Medication

Fish inevitably get sick. While frequent illnesses are probably a sign of poor maintenance, all aquariums eventually have problems. Pathogens come from a variety of places, but usually from either new fish or unfiltered tap water. Treating fish illnesses can seem like a black art. There are many medications on the market, most of which seem to kill the fish they were trying to save.

The most important thing to remember is: don't kill your biological filter! Never add antibiotic tablets directly to the tank water. If the fish will eat, use an antibiotic food such as Tetra Medica. Avoid overfeeding so as little of the food goes into your filters as possible.

Unfortunately most sick fish won't eat. Instead, place the fish in a 5 gallon bucket or tank with a small heater and airstone. Medicate the water in the bucket. Change the water every 1-2 days by throwing out the old water, replacing it with water from the tank and adding new medication. Not only is this safer for the remaining healthy fish in the tank, but it also water changes the tank, reducing toxins which may have precipitated the disease. I prefer this method over normal hospital tanks because extra tanks are a pain to maintain and their biofilters are constantly killed by medications. Buy a 5 or 10 gallon tank or bucket, heater and airpump, and use it when you need it!

Whenever more than one fish becomes ill or if you believe your water quality is poor, always perform a series of small water changes. Change 5-10% of the water once a day for 3-6 days. You should avoid large water changes because fish become accustomed to accumulated toxins in the water. Removing those toxins suddenly can shock the fish and make them more sick! Instead, you should gradually improve the water quality over several days. Many tank problems will clear up after several small water changes.

Treating fish illnesses is difficult because many illnesses look alike. Picking the correct medication for the pathogen is critical to success. Below are some tips for curing common fish diseases.

Ich

(lots of tiny white spots)

Ich is the easiest disease to recognize because of the distinctive white spots it creates. This disease is caused by a parasite, so the first step in curing it is to raise the tank temperature by a couple degrees. This accelerates the life cycle of the organism so all the eggs will hatch before you stop treating the tank! You can also fight ich by adding an additional 1 tablespoon of salt for every 10 gallons or raising the PH. Most parasites and fungus are more sensitive to salinity and PH changes than fish. If these "natural" steps don't fix the problem, treat the tank with a ich medication as directed. These medications won't kill your biofilter.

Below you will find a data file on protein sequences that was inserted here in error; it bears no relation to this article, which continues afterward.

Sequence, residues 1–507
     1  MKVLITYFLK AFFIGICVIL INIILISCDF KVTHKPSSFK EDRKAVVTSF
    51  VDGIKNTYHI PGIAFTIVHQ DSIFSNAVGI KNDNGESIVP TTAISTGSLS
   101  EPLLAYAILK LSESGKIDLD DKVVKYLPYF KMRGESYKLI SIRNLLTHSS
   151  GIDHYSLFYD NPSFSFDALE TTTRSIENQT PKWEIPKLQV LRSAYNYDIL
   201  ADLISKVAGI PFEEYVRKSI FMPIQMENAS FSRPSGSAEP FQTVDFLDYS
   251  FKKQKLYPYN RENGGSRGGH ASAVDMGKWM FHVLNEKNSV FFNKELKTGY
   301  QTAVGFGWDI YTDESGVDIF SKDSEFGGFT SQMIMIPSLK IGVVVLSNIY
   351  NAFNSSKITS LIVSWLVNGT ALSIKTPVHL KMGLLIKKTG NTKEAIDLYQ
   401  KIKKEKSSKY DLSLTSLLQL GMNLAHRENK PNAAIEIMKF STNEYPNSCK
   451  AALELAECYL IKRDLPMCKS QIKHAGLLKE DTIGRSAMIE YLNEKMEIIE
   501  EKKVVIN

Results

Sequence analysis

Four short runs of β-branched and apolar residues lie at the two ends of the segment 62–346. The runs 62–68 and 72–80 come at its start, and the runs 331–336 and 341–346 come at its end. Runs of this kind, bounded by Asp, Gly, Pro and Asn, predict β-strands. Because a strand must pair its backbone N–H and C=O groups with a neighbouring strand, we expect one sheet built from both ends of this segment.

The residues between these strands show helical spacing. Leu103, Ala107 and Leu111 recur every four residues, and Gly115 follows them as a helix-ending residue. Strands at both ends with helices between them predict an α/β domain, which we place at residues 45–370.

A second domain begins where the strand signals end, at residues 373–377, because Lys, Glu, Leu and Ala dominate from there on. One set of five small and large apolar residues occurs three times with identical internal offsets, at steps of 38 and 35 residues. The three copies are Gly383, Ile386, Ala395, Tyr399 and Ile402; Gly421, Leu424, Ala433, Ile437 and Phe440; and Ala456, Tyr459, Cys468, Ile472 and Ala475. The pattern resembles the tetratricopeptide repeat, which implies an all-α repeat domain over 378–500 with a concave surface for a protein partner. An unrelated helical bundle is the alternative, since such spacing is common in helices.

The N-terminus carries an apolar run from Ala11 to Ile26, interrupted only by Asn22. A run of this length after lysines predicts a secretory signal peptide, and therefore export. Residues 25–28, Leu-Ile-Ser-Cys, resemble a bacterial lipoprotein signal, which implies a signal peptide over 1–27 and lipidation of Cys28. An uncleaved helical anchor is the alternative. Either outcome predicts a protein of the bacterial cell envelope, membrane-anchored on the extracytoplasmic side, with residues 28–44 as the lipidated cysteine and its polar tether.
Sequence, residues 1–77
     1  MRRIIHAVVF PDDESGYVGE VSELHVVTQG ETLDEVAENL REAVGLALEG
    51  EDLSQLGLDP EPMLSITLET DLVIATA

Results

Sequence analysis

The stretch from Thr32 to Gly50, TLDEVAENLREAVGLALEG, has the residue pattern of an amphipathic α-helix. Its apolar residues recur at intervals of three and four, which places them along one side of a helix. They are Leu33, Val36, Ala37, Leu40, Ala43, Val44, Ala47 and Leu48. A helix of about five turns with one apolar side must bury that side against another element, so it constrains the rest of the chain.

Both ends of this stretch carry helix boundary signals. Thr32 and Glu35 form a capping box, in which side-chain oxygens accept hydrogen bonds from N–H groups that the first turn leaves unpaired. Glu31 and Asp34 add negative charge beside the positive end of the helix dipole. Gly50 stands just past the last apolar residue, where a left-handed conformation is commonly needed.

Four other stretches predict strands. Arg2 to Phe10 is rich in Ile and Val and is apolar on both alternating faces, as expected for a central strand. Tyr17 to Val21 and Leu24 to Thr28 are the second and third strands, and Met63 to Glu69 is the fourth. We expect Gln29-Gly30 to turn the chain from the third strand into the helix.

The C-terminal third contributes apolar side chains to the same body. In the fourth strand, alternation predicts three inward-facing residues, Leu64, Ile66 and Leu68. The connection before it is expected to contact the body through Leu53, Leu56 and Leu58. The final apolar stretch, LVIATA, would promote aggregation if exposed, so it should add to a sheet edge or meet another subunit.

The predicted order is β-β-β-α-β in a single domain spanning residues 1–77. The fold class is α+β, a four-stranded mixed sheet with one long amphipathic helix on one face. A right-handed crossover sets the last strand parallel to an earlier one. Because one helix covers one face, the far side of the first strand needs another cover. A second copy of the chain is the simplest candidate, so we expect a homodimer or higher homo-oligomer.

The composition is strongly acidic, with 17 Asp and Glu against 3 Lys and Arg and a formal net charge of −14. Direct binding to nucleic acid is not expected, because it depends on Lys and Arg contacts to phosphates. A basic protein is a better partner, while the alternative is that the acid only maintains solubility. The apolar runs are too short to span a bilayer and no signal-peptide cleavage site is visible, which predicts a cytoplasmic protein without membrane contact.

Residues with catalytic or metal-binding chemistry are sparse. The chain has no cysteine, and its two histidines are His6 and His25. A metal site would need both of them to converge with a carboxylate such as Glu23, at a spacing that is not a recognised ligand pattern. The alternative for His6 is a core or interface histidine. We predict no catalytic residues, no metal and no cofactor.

Bacterial and Fungal Fin Rot

(white film or fuzz on fins and scales)

Fin rot diseases form a film or fuzz on the fins and scales of the fish, slowly dissolving the fish's protective slime coating and eventually the fins themselves! These symptoms can be caused by both bacterial and fungal pathogens. The best cure I've found is Jungle Fungus Eliminator. This chemical attacks both bacteria and fungus and is safe to add directly to the tank if all the fish are affected. However, if only a couple fish are sick, I recommend treating in a bucket.

Internal Bacterial Infections

(red spots or swim bladder problems)

Internal bacterial infections are a job for antibiotics or antibacterial chemicals. Symptoms include red streaks on the fins and tail, disorientation and listing due to swim bladder infection, and rapid serial death (if all the fish are rapidly dying, you should check your water quality). If the fish will eat, use antibiotic food, otherwise treat with an antibiotic or Jungle Fungus Eliminator in a bucket or small tank. These diseases can have very few symptoms and cause very rapid death. If one fish gets sick, watch the others closely for symptoms!

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Last modified at Saturday, April 28, 2012